US Congress passing bill to sue Saudi Arabia over 9/11

Key details:

29/09/2016 from Qatar

-‘Families of those killed in the terror attacks on 9/11 are now legally allowed to sue Saudi Arabia, after Congress voted Wednesday to override President Barack Obama’s veto of the legislation, the first override of his presidency’ (CNN, 2016).


-‘The American political fabric knows that Saudi Arabia is completely innocent and has been vindicated from the events of 9/11, with both the 9/11 congressional report and the recently declassified 28 pages clearly showing a complete lack of any evidence that would implicate it, and that any evidence against the Kingdom is presumptive, hypothetical and indeterminate’ (The Hill, 2016).


-According to the video (in the link below):

‘-The law provides the opportunity to sue states for mere suspicion of its citizens.

-Transform the law into a political tool to pressure governments.

-Litigation takes a long time and accompanied by the freezing of funds states.

-The law is contrary to the foundations and principles of equality among states.

-It violates US law which gives immunity to foreign countries.

-States allow reciprocity sue US officials.

-It establishes a dangerous precedent internationally significant economic damage, especially in several countries abandon its peg to the US dollar’ (@fdeet_alnssr, 2016).


-‘Saudi Arabia has told the Obama administration and members of Congress that it will sell off hundreds of billions of dollars’ worth of American assets held by the kingdom if Congress passes a bill that would allow the Saudi government to be held responsible in American courts for any role in the Sept. 11, 2001, attacks’ (NYT, 2016).


-‘Pakistani journalist Karim Khan’s son and brother were killed when a CIA drone attacked Karim’s home in December 2009. Now he’s fighting back through the courts’ (Al Jazeera, 2016).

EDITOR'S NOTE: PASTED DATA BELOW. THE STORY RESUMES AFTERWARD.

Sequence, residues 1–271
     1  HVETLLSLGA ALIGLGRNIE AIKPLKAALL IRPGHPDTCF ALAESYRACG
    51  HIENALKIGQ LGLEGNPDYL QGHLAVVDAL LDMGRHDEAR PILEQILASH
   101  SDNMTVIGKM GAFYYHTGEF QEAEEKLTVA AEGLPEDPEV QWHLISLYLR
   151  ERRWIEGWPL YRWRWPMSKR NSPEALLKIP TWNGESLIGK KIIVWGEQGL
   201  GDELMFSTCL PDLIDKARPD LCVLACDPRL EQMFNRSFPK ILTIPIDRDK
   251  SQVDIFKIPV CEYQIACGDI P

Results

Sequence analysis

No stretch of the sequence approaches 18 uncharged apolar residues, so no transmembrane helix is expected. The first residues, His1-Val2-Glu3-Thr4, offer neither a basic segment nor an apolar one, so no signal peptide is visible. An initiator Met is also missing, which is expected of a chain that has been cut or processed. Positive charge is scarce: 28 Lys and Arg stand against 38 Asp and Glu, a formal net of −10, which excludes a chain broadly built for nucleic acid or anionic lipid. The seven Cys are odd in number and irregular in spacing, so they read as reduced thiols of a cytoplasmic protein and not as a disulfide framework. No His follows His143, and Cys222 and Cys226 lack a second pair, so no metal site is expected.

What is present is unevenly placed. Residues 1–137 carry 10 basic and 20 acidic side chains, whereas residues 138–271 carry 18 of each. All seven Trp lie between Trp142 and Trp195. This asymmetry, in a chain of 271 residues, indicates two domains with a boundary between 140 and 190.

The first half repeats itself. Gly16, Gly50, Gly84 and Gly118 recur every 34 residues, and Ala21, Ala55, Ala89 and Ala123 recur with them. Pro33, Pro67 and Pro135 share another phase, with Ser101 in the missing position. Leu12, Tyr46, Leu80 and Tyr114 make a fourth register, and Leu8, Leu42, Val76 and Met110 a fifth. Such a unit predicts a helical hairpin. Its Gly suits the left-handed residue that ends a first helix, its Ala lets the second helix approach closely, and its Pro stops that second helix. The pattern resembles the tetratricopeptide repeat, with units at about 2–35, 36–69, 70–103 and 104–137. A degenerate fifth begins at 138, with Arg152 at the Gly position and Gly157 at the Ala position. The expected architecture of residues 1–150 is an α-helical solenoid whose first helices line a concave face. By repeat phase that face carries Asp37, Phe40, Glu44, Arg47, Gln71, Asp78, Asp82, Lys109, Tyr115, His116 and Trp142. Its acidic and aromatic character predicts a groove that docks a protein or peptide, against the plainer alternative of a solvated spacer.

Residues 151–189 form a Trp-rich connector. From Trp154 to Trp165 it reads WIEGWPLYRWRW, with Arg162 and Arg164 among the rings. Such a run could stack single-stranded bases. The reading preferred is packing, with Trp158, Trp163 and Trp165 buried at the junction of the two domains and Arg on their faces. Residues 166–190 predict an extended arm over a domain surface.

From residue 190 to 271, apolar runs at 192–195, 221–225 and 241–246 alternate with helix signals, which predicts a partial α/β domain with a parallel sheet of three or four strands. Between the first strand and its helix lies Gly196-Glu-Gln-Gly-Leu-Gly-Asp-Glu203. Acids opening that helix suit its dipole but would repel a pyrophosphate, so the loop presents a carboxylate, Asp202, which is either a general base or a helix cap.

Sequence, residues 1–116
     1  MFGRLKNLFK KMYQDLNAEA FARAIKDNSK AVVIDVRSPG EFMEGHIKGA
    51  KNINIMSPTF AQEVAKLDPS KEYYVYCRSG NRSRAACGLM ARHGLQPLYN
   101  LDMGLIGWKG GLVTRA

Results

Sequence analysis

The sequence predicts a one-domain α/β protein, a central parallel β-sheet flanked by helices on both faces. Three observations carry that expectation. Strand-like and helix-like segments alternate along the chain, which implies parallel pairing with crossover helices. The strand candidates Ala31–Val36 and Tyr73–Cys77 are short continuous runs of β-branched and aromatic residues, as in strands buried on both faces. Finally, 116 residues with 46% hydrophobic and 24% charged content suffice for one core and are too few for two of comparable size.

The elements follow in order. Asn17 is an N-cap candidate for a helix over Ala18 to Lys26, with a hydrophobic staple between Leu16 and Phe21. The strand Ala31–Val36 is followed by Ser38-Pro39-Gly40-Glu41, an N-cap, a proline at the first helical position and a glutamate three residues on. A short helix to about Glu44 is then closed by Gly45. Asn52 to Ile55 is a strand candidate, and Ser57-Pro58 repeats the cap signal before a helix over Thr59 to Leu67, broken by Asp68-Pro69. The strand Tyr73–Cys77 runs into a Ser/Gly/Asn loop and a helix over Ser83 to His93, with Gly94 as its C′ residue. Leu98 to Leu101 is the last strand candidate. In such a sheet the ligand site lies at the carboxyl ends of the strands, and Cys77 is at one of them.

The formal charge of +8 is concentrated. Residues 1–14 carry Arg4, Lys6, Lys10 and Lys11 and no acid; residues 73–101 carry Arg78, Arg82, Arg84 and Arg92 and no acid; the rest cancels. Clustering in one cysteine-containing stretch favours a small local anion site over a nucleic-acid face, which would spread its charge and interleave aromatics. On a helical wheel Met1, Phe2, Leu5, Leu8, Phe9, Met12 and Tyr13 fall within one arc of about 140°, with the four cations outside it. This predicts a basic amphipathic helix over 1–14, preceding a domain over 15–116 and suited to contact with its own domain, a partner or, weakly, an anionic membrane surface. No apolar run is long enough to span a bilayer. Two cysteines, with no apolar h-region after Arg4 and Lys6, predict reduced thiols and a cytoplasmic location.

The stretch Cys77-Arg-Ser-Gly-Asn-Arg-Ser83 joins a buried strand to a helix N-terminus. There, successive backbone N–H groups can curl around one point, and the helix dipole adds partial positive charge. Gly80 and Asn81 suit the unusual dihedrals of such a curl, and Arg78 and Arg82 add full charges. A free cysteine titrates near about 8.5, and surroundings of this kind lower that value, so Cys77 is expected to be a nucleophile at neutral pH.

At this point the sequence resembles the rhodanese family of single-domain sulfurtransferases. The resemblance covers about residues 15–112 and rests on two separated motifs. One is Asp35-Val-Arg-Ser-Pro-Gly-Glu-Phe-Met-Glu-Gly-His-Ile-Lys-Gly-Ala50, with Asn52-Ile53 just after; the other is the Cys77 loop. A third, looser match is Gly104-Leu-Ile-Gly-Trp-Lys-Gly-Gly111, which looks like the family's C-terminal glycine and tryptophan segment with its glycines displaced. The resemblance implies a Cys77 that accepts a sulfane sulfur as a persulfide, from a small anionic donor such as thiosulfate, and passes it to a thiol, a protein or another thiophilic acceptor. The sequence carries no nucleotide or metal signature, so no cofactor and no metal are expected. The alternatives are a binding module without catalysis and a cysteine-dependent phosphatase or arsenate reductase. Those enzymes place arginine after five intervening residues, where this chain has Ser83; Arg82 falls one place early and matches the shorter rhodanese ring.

The Justice Against Sponsors of Terrorism Act (JASTA) to sue Saudi Arabia is creating a benchmark in world politics allowing not only the US to sue other states but vice versa. The Act mirrors the benchmark created by Ayatollah Khomeini who through his fatwa on Salman Rushdie, allowed for the targeting of individuals not of the same nationality of the state – as evidenced in the drone strikes targeting suspected affiliates of terrorism. This has already been established two-fold (in both cases) in the case of Karim Khan in his pursuit to sue the US.

However, the timing of this veto begs the question ‘why now?’ An enquiry in 2002 of Saudi Arabia’s involvement in 9/11 produced the 28 page report showing a lack of evidence of the state’s involvement. The catalyst, then, is found in the US elections as evidenced in the rhetoric of those who voted against the veto or supported enforcing the Act. Former Mayor of New York Rudy Giuliani has said that “the failure of Hillary Clinton’s running mate, Tim Kaine, who was obviously afraid to show up to work today and stand with these Americans, is a disgrace” (CNN, 2016). Sen. John Cornyn of Texas, the chief Republican sponsor of the bill said “at the end of the day, this vote is about doing what’s right for the American people” (ibid, 2016). This discourse has become the circumstance of American politics in its disregard for political correctness or sensibility as this has become an abuse of congressional authority. Presidential candidate Donald Trump in his pursuit of the presidency has swept the political stage in a populist frenzy that has exaggerated the disregard of state equality, sovereignty and non-intervention in the affairs of states – thus building walls by other means.